In order to get at a third kind of possible way of fiction overriding fact, which in my opinion is by far the most interesting and challenging one for both the author and the reader of mathematics in fiction, I would like to draw attention to a short sentence added by Doxiadis to the book, outside the plot, thanking three mathematicians, Ken Ribet, Keith Conrad  and Kevin Buzzard for carefully reading the revised manuscript and correcting "numerous mistakes”. On reading this statement, one wonders what kinds of mistakes would an author like Doxiadis want to make sure that he is avoiding in his text, and what kind of questions would he pose to his mathematical proofreaders in this regard. It is more than natural to expect that no one would like mathematical mistakes to enter a text of mathematics in fiction, and in general, I guess, such mistakes would be considered more damaging to the literary value of the text than unintended historical mistakes of a similar caliber.[*] Unintended historical mistakes are most unwelcome, of course, but they are never considered to be totally lethal for the book, and certainly not as lethal as a mathematical mistake would be. Moreover, in the final account historical inaccuracies may always pass as part of the poetic license that the author consciously undertook. But -- and this is the interesting point -- whereas we can conceive in mathematics in fiction (as in fiction in general) of intended departures from the historical record on behalf of the literary aims pursued by the author, I can hardly imagine a similar move involving a mathematical "fact".

Let us think, for instance, about an imaginary book called "Aunt Maria and the ASM Conjecture". The main character is the imagined Ecuadorian mathematician Maria Madre-de-Dios, who completed a PhD at MIT in 1980 under Gian Carlo Rota, and became obsessed with solving the Alternating Sign Matrix Conjecture. Her niece, who narrates the story, happens to be a historian of modern mathematics who is well aware of the most up-to-date conceptions held by the leading researchers in the field and of the most recondite, current debates in the profession. She is able to tell a story involving Sylverster, MacMahon, Schur, Mills, Robbins, Rumsey, Zeilberger, and all the rest, while ensuring that no high-brow scholar will be be able to point out this or that historical inaccuracy in her plot. Throughout the entire book, however, the ASM conjecture is described as follows:

Let An be the number of alternating sign matrices of dimension n×n bordered by +1s. Then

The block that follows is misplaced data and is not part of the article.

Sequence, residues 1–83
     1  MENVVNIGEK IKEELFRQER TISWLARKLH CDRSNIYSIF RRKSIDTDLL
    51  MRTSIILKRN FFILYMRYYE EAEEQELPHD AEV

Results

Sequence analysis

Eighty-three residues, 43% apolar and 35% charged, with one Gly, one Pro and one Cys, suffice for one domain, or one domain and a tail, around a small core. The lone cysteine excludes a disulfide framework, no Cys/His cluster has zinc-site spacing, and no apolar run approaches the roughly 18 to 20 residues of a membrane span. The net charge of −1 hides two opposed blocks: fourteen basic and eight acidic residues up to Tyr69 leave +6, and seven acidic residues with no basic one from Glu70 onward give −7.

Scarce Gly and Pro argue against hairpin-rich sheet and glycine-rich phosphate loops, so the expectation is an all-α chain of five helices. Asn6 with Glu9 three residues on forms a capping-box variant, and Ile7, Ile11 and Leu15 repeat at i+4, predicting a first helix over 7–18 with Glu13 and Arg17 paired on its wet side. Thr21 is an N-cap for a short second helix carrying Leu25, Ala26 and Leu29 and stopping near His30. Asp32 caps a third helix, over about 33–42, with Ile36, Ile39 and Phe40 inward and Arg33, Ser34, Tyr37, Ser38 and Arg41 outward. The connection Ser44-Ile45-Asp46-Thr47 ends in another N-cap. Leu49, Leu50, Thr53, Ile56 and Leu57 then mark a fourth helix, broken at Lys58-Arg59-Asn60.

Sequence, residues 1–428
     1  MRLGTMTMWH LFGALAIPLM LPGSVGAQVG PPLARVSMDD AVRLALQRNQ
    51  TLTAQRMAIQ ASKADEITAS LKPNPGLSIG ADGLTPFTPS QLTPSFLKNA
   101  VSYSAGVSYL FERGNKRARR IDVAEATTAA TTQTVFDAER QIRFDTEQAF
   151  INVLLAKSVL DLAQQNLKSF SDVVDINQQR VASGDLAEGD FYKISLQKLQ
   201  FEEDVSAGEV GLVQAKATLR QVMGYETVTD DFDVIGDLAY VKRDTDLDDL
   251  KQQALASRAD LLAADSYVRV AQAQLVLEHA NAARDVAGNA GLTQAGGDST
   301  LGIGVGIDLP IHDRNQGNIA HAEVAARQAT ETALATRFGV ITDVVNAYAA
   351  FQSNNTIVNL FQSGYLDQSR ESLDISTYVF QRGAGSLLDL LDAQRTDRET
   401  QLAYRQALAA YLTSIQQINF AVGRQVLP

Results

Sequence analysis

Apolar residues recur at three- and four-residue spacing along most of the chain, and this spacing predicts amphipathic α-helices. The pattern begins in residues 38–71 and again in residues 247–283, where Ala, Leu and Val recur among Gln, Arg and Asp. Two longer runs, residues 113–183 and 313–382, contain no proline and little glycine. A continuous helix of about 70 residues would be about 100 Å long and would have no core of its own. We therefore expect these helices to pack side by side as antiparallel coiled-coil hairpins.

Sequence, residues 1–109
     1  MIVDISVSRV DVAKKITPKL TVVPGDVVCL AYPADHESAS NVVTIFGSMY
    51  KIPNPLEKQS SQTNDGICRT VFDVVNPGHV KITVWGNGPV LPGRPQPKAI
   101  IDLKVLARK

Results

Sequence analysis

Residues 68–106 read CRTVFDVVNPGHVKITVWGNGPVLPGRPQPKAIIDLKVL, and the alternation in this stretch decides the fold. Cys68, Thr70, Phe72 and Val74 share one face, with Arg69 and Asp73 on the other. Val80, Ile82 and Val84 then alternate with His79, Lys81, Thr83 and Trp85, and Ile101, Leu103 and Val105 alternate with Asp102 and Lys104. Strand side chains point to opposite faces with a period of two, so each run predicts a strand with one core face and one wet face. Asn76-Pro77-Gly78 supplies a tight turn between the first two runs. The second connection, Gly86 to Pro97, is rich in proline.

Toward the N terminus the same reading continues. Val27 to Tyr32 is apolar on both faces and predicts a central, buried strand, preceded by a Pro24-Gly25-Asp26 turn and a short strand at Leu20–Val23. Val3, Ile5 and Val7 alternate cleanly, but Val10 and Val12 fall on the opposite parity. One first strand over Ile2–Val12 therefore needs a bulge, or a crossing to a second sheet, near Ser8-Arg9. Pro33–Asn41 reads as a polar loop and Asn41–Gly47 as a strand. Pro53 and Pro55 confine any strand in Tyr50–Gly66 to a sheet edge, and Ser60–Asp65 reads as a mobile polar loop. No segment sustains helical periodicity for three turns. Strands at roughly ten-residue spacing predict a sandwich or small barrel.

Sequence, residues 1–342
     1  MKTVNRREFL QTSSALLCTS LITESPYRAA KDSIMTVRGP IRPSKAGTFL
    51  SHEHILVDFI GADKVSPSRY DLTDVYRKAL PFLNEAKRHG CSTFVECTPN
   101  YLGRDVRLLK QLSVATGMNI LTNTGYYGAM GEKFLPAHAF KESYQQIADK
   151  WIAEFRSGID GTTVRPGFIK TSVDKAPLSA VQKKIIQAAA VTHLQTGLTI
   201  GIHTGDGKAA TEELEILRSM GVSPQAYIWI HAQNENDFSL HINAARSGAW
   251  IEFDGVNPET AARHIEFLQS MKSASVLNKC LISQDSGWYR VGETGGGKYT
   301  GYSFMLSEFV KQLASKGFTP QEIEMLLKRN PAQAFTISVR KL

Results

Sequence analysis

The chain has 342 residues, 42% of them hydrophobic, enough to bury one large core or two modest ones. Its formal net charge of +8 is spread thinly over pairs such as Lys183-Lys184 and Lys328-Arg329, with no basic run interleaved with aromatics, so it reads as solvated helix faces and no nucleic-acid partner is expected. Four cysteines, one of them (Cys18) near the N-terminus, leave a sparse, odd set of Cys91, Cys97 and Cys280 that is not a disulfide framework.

Moreover, let us assume that the story is so written that based on this formulation of the conjecture, the author is able to enhance the basis for the credibility of the narrative fiction underlying the plot; for instance, that this is the key to unlocking the mystery of a series of murders in an Ivy League mathematics department.[*] I would like to think of this imagined story as a possible blueprint for the ultimate mathematics in fiction, which, to the best of my knowledge is yet to be carried out. This is a kind of poetic license that I think to be less frequently found, if at all, and to offer a true challenge to be met. It would pose a subtle exercise in intellectual flexibility to prospective readers. It would certainly put to test the ability of recalcitrant mathematicians to suspend disbelief under the very adverse conditions implied by having to bear for long with a mistakenly rendered formula.

To be sure, anyone of us who knows some mathematics and/or some history of mathematics automatically becomes (to the effects of reacting to mathematics in fiction) a suspect recalcitrant mathematician or high-brow scholar. One will certainly find it hard to pass in silence the deliberate distortion of the historical or mathematical record as known to him or her, on behalf of any piece of good-quality mathematics in fiction, even after having read and apparently assimilated Aristotle's useful distinction. This distinction may help our intellect react with equanimity to poetic license taken by authors in such cases, but it will not always help our guts to the same extent. We can still be fully justified to fear that, at the bottom line, the public perception of science will be much more strongly shaped by mathematics in fiction (books and films) than by scholarly research on history of mathematics. This is equally valid for mathematics as it is for Amadeus and music, for Downfall and the public perception of Hitler and the end of World War II, for The Da Vinci Code and the history of religion and of art, and for Mel Gibson’s The Passion of Christ in its own relevant fields. And more examples could be added to this list. But of course, there is a big difference in the symbolic and emotional load associated with each of these topics and the amount of people to which they are directly relevant. In this sense the esoteric and essentially neutral character of mathematics and its basic estrangement from worldly affairs makes, generally speaking, the entire debate about mathematics and narrative fiction much more relaxed and detached than with any other topic.

The reader may find it instructive to consider now any other examples of his choice, in the light of the ideas presented here, and see if the latter are of any help in addressing the former. I have chosen to comment here, in concluding this section, on yet another work represented at the Myknons meeting, the play Partition, written by Ira Hauptman and originally set to stage by Barbara Oliver.